I have big problem in apriori algorithm,that is I want to read data from .txt files (transaction file)
    and print out strong rules for dicisin maker
    but all codes must be in java language
    this is my project for college but there is
    no one help me.please, if you can help me send an email.
    thank you……

    Comment by lina — March 14, 2008 @ 9:58 am

  6. I couldn’t give much more help than I have here. The linked source code completely implements the algorithm. Just study it and translate it to Java.

    Comment by Dennis — March 14, 2008 @ 10:07 am

  7. thank you…

    Comment by lina — March 14, 2008 @ 10:12 am

  8. Could you please help me about apriori algorithm source code in C

    Comment by Rashmika — June 4, 2008 @ 3:33 am

  9. I suggest looking at this implementation in C:
    http://www.borgelt.net//apriori.html.

    The program works very well and the source is provided for you to look at.

    Comment by Dennis — June 9, 2008 @ 7:11 am

  10. im doing mca.
    can u help me about apriori algorithm source code in java how run that java program

    Comment by sathish.v — July 11, 2008 @ 11:37 am

  11. You might try
    Weka.

    Comment by Dennis — July 11, 2008 @ 11:38 am

  12. We have discovered new technique to mine frequent item set using graph but it only take much more memory but Time is reduced and Updating is very very easy when both Transactional Data Base & min-support count is changed………..Can I express it as IEEE paper… If any way
    there is to reduce memory consumption ….Help Me…

    Comment by S.NAGARAJAN — December 26, 2008 @ 3:49 am

  13. i need appriori algorithm to search frequently used nodes in mobile ad hoc networks .please provide this code as soon as possible which is executable in network simulator 2(NS2)

    Comment by viswampasupuleti — January 13, 2009 @ 7:57 am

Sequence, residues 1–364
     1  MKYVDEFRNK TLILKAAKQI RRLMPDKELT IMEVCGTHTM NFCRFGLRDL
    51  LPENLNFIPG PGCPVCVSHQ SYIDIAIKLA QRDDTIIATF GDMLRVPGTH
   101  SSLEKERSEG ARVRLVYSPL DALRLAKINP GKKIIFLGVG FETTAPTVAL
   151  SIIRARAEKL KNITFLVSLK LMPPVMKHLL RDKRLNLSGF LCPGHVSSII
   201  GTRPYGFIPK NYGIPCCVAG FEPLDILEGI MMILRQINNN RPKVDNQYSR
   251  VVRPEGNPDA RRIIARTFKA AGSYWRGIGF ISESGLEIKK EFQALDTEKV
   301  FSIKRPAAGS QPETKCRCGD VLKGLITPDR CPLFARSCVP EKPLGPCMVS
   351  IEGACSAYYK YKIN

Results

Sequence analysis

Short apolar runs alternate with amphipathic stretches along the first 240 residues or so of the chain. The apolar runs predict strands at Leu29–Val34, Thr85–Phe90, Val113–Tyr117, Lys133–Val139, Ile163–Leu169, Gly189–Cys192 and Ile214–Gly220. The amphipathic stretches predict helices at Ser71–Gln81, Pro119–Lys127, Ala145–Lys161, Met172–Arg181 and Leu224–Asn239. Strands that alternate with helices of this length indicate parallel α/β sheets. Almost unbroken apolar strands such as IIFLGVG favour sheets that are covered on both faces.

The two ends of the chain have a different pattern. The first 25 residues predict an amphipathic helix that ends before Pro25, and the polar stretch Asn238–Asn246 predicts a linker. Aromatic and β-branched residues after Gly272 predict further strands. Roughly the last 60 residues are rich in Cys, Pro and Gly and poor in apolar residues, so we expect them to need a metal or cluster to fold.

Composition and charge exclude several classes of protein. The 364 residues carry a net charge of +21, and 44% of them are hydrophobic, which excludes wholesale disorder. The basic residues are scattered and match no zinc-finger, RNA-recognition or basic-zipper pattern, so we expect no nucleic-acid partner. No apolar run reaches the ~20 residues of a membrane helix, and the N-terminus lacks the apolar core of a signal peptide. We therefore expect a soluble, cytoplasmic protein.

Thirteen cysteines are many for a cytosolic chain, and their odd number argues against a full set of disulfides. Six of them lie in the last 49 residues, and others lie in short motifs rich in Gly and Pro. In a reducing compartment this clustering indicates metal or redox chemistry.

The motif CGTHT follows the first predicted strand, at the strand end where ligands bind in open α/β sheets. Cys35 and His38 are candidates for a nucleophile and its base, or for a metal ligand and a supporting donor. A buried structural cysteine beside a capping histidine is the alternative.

14. we have obtained a frequent pattern output from apriori algorithm ,we are stuck here can some one help us out how to generate association rule from this frequent pattern, to calculate support and confidence. We need code.please HELP!!!!

    Comment by Sridevi M.T — March 5, 2009 @ 1:22 am

  15. You’re certainly free to browse the source code I provided. It does indeed do association rules after frequent patterns are collected.

    Comment by Dennis — March 5, 2009 @ 7:33 am

  16. […] refer to the webpage to find article about it. You can download source code and project description from the codeplex […]

    Pingback by Association rules: Apriori algorithm - Data Mining source code - Microsoft User Group Винница — April 10, 2009 @ 9:26 am

  17. can you help me to generate apriori algorithm sourcecode in java.

    Comment by satya — October 1, 2009 @ 4:46 am

  18. There are already Java Apriori algorithms available. Weka for instance has an implementation.

    Comment by Dennis — October 5, 2009 @ 7:59 am

  19. Can you send me your example please
    I need for my paper
    thank
    lukman_ukI@yahoo.co.id

    Comment by lukman — April 9, 2010 @ 7:07 pm

  20. i am interested in viewing the js code you have but nothing opens when i click “view ” in notes , for old code and new code

    it only opens a blank site
    i am confused please help

    please mail me the code on my link
    will be thankful to you

    Comment by techsurge — April 10, 2010 @ 6:57 am

  21. Sorry my code repository is no longer working since I changed servers. All the relevant code for Apriori is on this page though. The rest of my code just tied the algorithm to my client software.

    Comment by Dennis — April 10, 2010 @ 9:14 am